By: Roger Taylor
The year 1999
was one hell of a year for N64 platformers, as it saw the release of
the long-awaited Donkey
Kong 64, the brilliantly designed Rocket:
Robot on Wheels and my personal favorite, Rayman 2: the Great
Escape. All three were fantastic, but Rayman 2 rose above the
rest with some of the best graphics seen on the N64, a slightly more
mature storyline, very challenging gameplay, great use of humor, and
a setting in an original world that is both strange and involving.
That is why
Rayman for the Game Boy Advance is perhaps the most exciting
third-party game yet announced for Nintendo’s new handheld system.
The game is based on the 2D platformer of the same name, which first
appeared on the Atari Jaguar, and later on the Saturn and
Playstation. The earlier versions were not huge financial successes,
but they did receive high critical acclaim and were good enough to
convince UbiSoft to try and turn Rayman into a major franchise.
Rayman’s first, and hopefully not last, outing on the GBA is
certainly not worth a purchase if you’ve played the previous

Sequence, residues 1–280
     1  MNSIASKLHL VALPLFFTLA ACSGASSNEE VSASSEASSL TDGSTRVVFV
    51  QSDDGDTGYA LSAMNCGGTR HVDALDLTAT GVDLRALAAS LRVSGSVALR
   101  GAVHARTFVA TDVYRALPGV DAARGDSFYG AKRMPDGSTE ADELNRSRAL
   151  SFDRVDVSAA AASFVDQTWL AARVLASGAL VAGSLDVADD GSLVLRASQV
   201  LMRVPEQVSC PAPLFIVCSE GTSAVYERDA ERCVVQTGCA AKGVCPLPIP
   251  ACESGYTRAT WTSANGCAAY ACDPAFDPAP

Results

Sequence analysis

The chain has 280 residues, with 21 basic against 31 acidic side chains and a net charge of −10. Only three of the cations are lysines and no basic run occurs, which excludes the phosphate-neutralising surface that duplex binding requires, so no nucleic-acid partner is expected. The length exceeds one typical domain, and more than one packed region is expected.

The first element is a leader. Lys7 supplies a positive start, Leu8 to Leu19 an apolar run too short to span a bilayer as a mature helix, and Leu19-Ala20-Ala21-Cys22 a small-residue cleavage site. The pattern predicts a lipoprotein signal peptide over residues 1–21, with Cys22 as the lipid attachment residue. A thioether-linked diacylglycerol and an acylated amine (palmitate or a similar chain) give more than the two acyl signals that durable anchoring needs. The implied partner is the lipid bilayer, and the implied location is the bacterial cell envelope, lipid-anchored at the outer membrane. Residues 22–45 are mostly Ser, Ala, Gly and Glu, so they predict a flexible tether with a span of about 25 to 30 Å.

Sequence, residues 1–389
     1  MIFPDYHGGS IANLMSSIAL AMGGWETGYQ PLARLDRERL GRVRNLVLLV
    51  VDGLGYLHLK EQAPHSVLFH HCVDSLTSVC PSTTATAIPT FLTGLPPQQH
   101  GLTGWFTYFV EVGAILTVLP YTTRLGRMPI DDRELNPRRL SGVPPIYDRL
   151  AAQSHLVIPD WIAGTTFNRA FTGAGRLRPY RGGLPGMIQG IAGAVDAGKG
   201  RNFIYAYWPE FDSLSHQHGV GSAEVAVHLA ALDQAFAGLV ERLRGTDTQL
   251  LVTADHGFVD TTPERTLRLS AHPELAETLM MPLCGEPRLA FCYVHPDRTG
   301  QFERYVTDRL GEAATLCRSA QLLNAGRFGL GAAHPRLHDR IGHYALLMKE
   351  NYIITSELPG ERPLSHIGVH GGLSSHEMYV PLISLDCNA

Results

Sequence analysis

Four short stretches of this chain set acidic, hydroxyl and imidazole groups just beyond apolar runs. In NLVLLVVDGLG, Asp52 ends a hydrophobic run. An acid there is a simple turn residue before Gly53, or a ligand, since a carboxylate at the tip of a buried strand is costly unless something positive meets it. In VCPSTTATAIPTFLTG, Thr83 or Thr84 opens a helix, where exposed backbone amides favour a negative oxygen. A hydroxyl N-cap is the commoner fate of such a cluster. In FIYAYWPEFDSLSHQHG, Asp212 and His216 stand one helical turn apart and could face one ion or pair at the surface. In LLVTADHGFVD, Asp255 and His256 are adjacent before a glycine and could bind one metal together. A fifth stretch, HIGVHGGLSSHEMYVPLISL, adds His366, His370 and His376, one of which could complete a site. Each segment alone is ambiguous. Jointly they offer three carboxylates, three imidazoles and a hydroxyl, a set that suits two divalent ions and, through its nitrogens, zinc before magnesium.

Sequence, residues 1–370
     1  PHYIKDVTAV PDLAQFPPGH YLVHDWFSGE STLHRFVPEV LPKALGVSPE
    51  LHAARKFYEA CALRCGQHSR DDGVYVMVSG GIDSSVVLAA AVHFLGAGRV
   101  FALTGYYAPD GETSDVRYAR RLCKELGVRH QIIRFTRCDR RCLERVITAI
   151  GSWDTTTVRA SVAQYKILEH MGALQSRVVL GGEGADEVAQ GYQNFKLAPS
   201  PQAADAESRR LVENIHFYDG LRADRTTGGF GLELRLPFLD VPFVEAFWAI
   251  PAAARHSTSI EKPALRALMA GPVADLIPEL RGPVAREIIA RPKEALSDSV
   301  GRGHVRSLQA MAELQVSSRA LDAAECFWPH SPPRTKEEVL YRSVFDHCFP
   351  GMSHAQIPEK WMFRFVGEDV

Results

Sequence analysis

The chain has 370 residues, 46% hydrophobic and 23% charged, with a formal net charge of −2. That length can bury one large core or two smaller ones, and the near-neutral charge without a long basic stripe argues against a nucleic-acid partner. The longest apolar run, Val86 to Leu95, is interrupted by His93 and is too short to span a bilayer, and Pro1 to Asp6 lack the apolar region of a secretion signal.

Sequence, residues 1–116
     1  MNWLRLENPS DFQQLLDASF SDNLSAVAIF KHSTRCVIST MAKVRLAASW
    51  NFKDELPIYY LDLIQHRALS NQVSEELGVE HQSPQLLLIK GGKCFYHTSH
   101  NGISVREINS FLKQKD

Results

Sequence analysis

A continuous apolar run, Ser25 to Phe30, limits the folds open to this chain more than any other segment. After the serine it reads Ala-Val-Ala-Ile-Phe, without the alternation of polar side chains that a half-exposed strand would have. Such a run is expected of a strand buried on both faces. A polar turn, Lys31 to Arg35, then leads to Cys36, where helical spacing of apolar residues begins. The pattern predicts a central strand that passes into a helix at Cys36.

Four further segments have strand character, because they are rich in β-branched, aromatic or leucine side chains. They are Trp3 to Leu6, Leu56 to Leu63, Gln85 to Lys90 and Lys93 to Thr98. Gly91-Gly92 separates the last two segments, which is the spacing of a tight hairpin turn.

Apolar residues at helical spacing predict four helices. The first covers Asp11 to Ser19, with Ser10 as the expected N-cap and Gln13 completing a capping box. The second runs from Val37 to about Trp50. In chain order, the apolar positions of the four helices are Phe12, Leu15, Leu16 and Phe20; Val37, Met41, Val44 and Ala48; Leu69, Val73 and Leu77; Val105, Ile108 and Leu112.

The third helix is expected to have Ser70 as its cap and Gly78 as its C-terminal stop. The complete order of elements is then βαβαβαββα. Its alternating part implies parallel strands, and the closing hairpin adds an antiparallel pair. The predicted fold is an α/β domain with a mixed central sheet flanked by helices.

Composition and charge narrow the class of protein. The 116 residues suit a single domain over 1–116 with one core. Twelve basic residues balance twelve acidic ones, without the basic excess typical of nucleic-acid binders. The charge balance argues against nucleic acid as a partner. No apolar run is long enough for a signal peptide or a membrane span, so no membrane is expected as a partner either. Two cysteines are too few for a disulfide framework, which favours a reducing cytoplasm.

versions of the game, as it is essentially the same thing. You
assume the role of Rayman (of course) a limbless, dog-like superhero
of sorts. It is extremely difficult to describe Rayman as he looks
unlike anything ever seen before, so you’re better off looking at
the pictures instead.
Rayman you have the abilities to float using your helicopter-like
ears, shoot enemies using your fist, and latch on to floating rings.
However, you will have to unlock each of these abilities as you
navigate through more than 30 levels of 2D platformer heaven. The
game is also reported a have a two-player "Capture the
Flag" mode via use of the link cable.
The story seems
to be a very basic one. Mr. Dark, one of the evil villains of the
Rayman world, has kidnapped all of the Toons, and Rayman must find
and rescue them.
The Rayman world
is a very colorful one, and it all comes through perfectly on the
GBA, which holds an enormous amount of colors, most of which are
used in every level of Rayman. When you take a look at some of the
screenshots and realize that this is a first-generation title you
realize exactly how big of a step the GBA is over the Game Boy
Rayman is a
great reminder that SNES games and early Saturn and Playstation
titles should port to the Game Boy Advance with no trouble at all
and you can be sure that this will not be the last title to do so.
If we are lucky,
Rayman will come out with or soon after the launch of the GBA on
June 11 here in the States.